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      Endothelial extracellular matrix: biosynthesis, remodeling, and functions during vascular morphogenesis and neovessel stabilization.

      Circulation Research

      physiology, Signal Transduction, Neovascularization, Physiologic, Morphogenesis, Metalloendopeptidases, Matrix Metalloproteinases, Membrane-Associated, Matrix Metalloproteinase 10, Matrix Metalloproteinase 1, Laminin, Integrins, Humans, Extracellular Matrix, Endothelial Cells, Cytokines, Cyclic AMP-Dependent Protein Kinases, Cell Survival, Cell Proliferation, Cell Movement, Cell Communication, Capillaries, embryology, Blood Vessels, Animals

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          Abstract

          The extracellular matrix (ECM) is critical for all aspects of vascular biology. In concert with supporting cells, endothelial cells (ECs) assemble a laminin-rich basement membrane matrix that provides structural and organizational stability. During the onset of angiogenesis, this basement membrane matrix is degraded by proteinases, among which membrane-type matrix metalloproteinases (MT-MMPs) are particularly significant. As angiogenesis proceeds, ECM serves essential functions in supporting key signaling events involved in regulating EC migration, invasion, proliferation, and survival. Moreover, the provisional ECM serves as a pliable scaffold wherein mechanical guidance forces are established among distal ECs, thereby providing organizational cues in the absence of cell-cell contact. Finally, through specific integrin-dependent signal transduction pathways, ECM controls the EC cytoskeleton to orchestrate the complex process of vascular morphogenesis by which proliferating ECs organize into multicellular tubes with functional lumens. Thus, the composition of ECM and therefore the regulation of ECM degradation and remodeling serves pivotally in the control of lumen and tube formation and, finally, neovessel stability and maturation.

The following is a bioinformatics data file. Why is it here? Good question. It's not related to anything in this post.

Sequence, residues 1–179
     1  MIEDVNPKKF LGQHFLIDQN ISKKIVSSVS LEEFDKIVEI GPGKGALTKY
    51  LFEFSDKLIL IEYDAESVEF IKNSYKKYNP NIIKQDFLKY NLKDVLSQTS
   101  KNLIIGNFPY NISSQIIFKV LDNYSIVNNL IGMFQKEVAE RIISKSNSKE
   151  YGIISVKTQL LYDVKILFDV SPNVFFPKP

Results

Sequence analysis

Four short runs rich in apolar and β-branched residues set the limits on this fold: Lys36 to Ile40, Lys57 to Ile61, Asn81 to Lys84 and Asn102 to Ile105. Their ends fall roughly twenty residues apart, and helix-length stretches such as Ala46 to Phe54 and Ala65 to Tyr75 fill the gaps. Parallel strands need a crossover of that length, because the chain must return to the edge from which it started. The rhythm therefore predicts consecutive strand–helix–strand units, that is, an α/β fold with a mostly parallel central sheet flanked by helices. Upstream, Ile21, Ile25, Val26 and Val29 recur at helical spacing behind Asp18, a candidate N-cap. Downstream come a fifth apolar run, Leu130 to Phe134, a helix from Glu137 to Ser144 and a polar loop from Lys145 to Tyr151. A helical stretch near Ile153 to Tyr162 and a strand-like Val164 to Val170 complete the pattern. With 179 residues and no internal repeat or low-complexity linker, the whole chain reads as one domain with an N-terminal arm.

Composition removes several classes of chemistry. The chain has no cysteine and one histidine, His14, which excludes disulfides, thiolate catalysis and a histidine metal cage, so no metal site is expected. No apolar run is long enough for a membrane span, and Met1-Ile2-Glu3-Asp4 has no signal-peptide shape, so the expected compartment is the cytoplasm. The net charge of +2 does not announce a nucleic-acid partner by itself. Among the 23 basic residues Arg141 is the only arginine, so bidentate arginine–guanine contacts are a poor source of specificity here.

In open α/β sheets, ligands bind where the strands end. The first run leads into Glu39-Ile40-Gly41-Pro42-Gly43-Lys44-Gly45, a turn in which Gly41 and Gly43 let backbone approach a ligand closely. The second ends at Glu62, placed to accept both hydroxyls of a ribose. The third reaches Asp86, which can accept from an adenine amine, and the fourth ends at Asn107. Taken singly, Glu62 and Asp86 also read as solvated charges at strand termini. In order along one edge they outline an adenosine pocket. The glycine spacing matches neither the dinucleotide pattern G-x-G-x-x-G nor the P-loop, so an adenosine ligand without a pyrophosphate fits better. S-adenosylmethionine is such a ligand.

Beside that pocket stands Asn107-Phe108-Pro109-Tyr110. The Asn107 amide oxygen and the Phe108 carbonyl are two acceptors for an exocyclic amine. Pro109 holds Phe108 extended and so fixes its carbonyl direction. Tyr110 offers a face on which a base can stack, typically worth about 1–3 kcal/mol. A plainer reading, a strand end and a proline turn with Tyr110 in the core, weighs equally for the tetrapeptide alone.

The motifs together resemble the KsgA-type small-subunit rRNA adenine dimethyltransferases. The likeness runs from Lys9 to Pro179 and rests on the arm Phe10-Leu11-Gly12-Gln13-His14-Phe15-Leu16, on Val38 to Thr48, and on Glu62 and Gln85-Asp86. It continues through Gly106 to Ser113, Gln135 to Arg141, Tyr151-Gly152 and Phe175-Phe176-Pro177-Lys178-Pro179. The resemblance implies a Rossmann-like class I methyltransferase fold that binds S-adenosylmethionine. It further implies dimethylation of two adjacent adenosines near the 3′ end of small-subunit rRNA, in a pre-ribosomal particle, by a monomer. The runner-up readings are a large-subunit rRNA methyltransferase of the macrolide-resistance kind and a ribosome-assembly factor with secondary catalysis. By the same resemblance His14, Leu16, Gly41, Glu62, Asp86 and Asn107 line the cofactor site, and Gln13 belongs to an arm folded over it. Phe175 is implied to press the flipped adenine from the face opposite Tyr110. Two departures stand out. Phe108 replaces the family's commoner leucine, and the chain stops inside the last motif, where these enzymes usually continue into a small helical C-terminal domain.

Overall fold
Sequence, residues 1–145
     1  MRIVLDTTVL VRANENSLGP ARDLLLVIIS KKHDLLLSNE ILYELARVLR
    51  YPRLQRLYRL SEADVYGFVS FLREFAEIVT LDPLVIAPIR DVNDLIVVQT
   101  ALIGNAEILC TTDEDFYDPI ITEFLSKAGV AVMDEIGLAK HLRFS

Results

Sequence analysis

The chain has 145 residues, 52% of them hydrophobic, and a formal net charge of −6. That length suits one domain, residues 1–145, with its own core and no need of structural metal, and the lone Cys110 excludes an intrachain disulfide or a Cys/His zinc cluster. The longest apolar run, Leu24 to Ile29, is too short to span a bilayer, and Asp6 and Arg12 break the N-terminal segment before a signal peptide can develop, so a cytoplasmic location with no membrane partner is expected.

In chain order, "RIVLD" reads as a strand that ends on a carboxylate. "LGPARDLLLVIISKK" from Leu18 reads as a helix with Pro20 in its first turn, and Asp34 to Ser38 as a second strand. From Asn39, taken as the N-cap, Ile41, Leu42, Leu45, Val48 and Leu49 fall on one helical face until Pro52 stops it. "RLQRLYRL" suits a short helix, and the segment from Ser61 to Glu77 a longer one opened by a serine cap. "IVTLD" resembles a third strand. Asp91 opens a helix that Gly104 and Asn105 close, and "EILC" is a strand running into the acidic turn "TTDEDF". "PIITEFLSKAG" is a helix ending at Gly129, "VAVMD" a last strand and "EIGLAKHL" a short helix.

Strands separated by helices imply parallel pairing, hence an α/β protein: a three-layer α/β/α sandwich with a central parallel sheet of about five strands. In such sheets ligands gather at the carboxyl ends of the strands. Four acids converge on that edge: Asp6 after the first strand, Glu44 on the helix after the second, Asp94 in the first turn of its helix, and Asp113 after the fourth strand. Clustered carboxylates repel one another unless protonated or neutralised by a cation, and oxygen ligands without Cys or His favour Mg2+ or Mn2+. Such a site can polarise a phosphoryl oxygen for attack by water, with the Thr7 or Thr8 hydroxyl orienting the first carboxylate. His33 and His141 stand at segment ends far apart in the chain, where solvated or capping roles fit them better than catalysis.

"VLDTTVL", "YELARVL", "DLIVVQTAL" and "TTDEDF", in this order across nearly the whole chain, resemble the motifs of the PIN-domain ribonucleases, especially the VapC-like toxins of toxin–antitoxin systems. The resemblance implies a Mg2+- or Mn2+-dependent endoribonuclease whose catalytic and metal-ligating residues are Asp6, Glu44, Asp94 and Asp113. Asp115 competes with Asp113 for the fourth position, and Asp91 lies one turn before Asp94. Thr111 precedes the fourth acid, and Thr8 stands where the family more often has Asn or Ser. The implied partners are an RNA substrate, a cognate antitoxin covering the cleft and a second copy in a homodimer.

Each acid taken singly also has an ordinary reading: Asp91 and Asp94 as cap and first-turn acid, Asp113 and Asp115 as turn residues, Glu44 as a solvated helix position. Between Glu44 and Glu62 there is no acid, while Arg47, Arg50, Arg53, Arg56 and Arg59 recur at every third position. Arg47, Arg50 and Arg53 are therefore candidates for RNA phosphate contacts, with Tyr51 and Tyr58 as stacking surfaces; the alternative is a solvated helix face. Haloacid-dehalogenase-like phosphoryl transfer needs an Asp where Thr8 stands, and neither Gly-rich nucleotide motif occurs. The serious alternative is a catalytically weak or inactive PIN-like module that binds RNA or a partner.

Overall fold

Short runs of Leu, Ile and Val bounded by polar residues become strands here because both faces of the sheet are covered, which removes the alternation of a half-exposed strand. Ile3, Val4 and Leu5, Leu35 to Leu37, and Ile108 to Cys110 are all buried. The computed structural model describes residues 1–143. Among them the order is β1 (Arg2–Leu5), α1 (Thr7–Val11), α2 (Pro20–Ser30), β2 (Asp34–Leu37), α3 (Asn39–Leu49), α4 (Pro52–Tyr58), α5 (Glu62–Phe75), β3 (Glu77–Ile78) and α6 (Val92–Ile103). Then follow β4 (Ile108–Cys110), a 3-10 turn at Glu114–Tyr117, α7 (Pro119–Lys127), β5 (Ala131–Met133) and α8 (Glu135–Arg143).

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          Author and article information

          Journal
          10.1161/01.RES.0000191547.64391.e3
          16306453

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